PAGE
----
Safer Boating Forum welcomes TAIC report linking jet boat crash to alcohol

04 June 2020

The Safer Boating Forum welcomes a Transport Accident Investigation Commission (TAIC) report into a fatal jet boat crash on the Hollyford River in March 2019. TAIC links the crash to alcohol.

Forum Chair, and Maritime NZ Deputy Director, Sharyn Forsyth, said TAIC’s report is consistent with the Forum’s recently published position paper Safer when sober.

“Our position is boaties should never drive, or paddle, a vessel while under the influence of alcohol or drugs,” Ms Forsyth said.

“TAIC’s report about this tragic accident reinforces that message to boaties.”
The position paper, developed separately prior to the report, guides the Forum’s 24 organisations’ work, including research and public messaging, aimed at encouraging boaties to avoid alcohol.

As part of that work the Forum’s data sub-group has increased its research into alcohol and boating, and Maritime NZ is allocating more funding for research. Funding for safer boating comes from the Fuel Excise Duty (FED) on petrol. Boaties pay FED when they put fuel into their boats.

TAIC’s recommendation to Maritime NZ reinforces the importance of this research. The recommendation is that Maritime NZ continue to develop its fatal accident database to improve the quality of the data so that the maritime sector is better able to understand the risks of alcohol and drug use in recreational boating accidents.

Research shows that alcohol is one of the four main factors linked to boating. The Forum’s boating code focuses on those risks and encourages safe behaviour:

  • Wear your lifejacket
  • Take two waterproof ways to call for help
  • Check the marine weather forecast
  • Avoid alcohol
  • Be a responsible skipper.

“The Forum has focused on these risks for more than a decade,” Ms Forsyth said.

“TAIC’s report is timely as our messaging is spread wider to more strongly include avoiding alcohol.”

Statistics from Safer when sober

Over the past 10 years, alcohol and drugs have played a part in an estimated average of 5 recreational boating and watercraft fatalities per year – a total of 50.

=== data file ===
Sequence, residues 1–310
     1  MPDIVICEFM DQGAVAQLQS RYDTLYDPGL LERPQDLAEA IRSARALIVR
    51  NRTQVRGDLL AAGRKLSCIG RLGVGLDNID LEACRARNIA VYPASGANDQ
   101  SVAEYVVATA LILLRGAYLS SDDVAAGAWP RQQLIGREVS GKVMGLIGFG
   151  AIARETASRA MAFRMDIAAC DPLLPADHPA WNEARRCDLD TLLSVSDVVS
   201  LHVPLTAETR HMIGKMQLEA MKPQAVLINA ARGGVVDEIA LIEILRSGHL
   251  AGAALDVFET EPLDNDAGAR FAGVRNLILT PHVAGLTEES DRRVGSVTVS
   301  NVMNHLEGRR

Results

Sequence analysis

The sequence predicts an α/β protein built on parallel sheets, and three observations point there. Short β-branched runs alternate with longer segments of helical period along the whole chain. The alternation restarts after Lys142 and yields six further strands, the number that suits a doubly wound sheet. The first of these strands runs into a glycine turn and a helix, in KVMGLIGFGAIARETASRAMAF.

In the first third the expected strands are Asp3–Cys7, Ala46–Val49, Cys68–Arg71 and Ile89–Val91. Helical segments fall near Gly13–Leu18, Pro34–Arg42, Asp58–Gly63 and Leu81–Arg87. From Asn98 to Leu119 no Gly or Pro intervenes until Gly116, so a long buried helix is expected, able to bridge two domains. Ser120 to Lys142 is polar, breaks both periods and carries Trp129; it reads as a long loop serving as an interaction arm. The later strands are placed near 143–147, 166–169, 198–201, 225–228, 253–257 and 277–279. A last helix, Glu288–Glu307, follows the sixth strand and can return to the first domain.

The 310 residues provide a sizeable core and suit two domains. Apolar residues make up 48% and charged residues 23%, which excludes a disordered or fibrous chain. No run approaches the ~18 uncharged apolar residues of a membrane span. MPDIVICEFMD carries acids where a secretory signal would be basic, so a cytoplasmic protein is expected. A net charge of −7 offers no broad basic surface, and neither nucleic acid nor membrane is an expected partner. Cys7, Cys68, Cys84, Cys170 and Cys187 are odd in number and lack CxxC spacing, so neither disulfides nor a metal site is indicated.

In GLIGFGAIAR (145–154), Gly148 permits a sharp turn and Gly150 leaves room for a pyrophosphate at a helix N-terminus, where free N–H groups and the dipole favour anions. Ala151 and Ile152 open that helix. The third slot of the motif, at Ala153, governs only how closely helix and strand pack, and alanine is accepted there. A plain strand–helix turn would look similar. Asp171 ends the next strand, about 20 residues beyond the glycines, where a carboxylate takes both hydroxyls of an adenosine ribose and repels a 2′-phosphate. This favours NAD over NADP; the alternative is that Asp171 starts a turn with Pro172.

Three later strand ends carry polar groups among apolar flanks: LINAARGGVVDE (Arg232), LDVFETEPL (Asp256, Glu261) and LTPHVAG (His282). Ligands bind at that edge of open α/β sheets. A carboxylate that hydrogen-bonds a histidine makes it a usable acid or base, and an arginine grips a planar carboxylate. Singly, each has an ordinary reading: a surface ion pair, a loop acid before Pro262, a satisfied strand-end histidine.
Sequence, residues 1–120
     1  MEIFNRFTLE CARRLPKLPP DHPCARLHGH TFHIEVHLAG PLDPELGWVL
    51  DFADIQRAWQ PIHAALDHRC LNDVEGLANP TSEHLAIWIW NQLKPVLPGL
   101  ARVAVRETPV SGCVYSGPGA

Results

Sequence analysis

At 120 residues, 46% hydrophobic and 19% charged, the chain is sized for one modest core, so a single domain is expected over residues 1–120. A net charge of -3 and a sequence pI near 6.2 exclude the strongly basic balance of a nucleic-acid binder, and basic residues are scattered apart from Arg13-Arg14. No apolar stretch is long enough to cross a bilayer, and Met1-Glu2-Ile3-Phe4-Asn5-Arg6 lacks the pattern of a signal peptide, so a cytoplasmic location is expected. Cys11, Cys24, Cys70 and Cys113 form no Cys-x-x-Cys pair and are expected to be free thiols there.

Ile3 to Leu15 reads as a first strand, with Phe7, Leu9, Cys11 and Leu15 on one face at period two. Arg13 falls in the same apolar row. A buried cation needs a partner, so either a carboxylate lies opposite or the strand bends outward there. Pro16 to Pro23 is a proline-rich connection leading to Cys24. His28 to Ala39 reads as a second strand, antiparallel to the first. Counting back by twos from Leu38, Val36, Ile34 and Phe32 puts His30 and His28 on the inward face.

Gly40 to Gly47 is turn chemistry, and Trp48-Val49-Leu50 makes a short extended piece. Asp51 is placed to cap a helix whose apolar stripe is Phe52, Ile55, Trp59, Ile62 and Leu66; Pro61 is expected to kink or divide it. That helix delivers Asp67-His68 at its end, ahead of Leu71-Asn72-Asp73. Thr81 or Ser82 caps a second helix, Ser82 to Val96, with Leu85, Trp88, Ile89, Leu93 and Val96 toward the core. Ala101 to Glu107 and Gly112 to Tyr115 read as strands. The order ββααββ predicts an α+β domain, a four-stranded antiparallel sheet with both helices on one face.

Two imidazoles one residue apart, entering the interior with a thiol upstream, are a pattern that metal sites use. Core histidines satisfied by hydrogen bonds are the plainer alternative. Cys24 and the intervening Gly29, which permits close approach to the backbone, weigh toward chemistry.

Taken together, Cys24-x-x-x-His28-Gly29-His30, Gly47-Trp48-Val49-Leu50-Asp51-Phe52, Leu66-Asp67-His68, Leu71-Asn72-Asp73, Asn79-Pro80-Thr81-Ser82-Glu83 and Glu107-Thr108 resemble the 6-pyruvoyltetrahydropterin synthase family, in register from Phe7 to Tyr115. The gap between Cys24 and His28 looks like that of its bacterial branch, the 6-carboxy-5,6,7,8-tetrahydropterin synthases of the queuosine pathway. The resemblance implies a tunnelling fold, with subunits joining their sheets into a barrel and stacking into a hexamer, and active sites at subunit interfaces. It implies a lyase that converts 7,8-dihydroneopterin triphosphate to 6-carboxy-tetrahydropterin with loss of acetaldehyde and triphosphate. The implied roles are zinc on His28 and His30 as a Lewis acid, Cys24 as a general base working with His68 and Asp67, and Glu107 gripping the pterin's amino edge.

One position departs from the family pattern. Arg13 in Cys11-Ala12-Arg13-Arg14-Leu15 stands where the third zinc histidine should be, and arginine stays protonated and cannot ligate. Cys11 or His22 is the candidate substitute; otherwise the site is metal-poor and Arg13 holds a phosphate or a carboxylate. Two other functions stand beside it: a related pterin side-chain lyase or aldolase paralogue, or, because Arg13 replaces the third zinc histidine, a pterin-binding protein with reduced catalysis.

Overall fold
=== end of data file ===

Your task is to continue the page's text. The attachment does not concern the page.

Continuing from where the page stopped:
The Boating Safety Strategy review (2007) estimated alcohol consumption was involved in 18 percent of recreational boating and watercraft accidents that resulted in fatalities between 2000 and 2006, based on post-mortem investigations.
The actual percentage of alcohol-related recreational boating and watercraft fatalities, however, is likely to be higher because alcohol and drug testing was not always carried out in post-mortems so undoubtedly more cases went unreported.

An Australian study found alcohol to be a factor in 28 percent of recreational boating and watercraft fatalities in Australia in 2005, while a US study showed alcohol was the ‘leading contributing’ factor in 16 percent of US boating fatalities in 2011.

The New Zealand Institute of Economic Research (NZIER), therefore, suggests substance impairment is likely to be a contributing factor in around 25 percent of New Zealand’s recreational boating and watercraft fatalities.
However, some boaties continue to drink on board.

According to Maritime NZ’s 2019 Recreational Boating Participation Research, approximately 62 percent of boaties avoid alcohol every time they go to sea (a 5% decrease since 2018) and approximately 86 percent of boaties avoid alcohol at least most of the time (a 3% decrease since 2018).

“We know not to drink and drive – it’s the same on a boat,” Ms Forsyth said.

You can download a copy of the report here:

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